TEXAS STATE HISTORICAL ASSOCIATION
Vol. XIII. JULY, 1909. No. 1.
The publication committee and the editors disclaim responsibility for views
expressed by contribiors to THE QUARTERLY.
THE NAVY OF THE REPUBLIC OF TEXAS.
THE SECOND NAVY OF TEXAS.
IX. MEASURES TO PROCURE A SECOND NAVY.
The vessels of the first navy were lost through captures, wrecks,
and other misfortunes. But Texas, possessing as she did such an
extensive sea-board, could not expect to be regarded as a nation
unless she had a navy strong enough to protect her coast and
harbors. Emigrants would hesitate to risk their all in a voyage
to a country not prepared to protect them if attacked en route.
Trading vessels would be slow to bring those commodities to her
shores which would be necessary for the comfort of the people.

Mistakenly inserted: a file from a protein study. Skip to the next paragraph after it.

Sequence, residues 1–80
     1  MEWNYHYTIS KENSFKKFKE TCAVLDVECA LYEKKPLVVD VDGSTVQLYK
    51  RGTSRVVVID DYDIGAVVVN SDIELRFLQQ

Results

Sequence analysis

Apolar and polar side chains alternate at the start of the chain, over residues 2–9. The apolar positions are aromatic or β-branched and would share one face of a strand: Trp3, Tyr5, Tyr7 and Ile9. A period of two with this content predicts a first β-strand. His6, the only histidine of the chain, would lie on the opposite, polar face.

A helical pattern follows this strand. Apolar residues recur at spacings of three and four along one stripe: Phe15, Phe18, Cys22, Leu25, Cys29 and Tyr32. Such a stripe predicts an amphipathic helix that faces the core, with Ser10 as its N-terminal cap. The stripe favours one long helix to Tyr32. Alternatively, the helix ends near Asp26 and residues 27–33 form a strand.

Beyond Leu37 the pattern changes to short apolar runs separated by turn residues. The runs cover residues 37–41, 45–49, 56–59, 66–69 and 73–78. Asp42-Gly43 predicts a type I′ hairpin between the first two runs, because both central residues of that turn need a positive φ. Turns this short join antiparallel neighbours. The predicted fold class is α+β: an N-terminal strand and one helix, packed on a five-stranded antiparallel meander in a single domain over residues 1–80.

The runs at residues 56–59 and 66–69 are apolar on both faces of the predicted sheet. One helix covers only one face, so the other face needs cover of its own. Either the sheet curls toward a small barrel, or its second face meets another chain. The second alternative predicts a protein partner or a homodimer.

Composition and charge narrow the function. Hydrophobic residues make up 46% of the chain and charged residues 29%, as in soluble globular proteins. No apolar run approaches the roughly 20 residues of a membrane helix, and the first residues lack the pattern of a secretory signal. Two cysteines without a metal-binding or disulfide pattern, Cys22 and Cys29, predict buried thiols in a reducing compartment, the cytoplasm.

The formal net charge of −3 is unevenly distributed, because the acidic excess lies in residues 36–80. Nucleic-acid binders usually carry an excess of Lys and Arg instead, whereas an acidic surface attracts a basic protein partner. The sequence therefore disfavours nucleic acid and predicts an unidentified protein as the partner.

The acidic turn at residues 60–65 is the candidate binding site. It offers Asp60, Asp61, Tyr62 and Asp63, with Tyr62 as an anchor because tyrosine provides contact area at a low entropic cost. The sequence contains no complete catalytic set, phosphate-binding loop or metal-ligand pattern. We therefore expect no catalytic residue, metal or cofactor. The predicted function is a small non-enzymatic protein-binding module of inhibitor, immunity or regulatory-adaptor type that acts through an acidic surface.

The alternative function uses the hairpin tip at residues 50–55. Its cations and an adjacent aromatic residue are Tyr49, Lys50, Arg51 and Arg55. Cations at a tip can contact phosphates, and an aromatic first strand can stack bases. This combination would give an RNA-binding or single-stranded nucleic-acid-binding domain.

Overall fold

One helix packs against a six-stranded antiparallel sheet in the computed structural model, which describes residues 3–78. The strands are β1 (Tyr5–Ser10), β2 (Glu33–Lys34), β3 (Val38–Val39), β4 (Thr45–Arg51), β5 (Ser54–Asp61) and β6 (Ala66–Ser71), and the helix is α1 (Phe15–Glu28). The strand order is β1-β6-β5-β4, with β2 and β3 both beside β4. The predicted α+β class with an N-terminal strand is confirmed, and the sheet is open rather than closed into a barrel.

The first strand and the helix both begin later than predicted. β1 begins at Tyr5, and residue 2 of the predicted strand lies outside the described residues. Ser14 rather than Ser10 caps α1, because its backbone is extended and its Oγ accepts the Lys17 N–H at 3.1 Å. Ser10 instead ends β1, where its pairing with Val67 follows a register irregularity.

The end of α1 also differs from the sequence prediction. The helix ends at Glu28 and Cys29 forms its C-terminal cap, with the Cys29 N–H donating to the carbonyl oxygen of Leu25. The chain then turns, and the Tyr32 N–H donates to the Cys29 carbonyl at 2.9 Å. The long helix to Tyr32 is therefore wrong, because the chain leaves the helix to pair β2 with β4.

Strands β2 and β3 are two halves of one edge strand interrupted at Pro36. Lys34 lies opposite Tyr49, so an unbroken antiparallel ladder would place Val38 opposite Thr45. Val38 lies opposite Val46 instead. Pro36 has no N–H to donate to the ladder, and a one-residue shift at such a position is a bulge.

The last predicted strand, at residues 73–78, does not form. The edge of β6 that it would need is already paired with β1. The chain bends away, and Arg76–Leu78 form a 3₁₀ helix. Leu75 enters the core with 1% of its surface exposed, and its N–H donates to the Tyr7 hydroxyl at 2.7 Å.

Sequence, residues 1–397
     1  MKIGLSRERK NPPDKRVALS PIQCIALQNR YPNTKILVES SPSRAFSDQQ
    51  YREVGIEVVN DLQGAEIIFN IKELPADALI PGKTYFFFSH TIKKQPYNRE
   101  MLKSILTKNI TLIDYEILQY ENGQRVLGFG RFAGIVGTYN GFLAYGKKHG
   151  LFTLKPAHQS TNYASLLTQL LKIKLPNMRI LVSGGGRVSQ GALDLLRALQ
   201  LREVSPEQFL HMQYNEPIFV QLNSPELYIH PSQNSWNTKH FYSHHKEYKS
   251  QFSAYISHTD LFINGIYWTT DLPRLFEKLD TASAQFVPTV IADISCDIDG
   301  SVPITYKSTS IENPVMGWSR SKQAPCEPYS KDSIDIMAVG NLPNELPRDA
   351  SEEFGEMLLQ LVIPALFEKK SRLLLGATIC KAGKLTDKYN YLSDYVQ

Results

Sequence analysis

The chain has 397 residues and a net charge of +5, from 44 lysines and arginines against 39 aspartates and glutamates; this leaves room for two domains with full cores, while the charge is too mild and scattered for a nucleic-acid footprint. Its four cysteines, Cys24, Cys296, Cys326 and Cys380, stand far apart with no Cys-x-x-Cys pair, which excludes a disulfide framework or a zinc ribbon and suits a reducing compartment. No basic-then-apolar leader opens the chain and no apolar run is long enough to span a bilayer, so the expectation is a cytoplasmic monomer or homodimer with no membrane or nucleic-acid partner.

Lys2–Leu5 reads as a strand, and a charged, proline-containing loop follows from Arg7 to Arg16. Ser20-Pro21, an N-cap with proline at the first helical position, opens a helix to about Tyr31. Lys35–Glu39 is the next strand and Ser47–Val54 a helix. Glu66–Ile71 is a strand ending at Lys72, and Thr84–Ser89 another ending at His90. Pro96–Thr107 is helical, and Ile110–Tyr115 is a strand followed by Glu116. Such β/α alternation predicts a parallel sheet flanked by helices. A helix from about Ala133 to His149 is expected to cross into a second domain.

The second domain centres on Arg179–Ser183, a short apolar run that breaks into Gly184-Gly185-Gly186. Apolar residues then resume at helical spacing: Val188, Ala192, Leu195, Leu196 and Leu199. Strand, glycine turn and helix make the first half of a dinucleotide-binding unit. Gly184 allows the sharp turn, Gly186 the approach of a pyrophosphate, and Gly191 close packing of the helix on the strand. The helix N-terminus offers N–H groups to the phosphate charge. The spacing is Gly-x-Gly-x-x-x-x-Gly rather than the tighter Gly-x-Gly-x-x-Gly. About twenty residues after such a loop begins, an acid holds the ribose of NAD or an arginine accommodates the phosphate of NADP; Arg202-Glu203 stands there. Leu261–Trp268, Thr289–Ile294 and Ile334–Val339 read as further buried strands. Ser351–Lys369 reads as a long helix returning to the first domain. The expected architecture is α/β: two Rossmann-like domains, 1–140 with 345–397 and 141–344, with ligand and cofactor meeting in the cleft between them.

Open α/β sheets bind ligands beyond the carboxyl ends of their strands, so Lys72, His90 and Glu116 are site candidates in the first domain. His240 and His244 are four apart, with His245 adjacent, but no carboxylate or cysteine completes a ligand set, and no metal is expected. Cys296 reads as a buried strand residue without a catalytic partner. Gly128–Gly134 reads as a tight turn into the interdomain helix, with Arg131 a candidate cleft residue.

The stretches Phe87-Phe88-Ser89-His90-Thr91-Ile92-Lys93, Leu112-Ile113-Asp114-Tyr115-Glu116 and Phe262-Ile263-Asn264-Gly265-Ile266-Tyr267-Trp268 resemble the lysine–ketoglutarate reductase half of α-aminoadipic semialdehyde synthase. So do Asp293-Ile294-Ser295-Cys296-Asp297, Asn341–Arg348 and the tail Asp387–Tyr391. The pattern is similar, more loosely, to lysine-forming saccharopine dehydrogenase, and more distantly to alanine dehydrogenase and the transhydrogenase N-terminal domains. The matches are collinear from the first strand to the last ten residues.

Exportation would likewise be dangerous. Shipowners would dread
capture and loss of their vessels, with possible imprisonment in
a Mexican dungeon. Excessive insurance would raise the price
of all commodities to the point where the bare necessities of life
would become luxuries. But, with proper protection, immigra-
tion would soon fill up the land; and the increased imports and
exports, as the country became settled, would bring a revenue in
the way of customs duties that would eventually pay for the
maintenance of a navy. These considerations alone would justify
Texas State Historical Association. The Quarterly of the Texas State Historical Association, Volume 13, July 1909 - April, 1910. Austin, Texas. The Portal to Texas History. http://texashistory.unt.edu/ark:/67531/metapth101051/. Accessed June 1, 2015.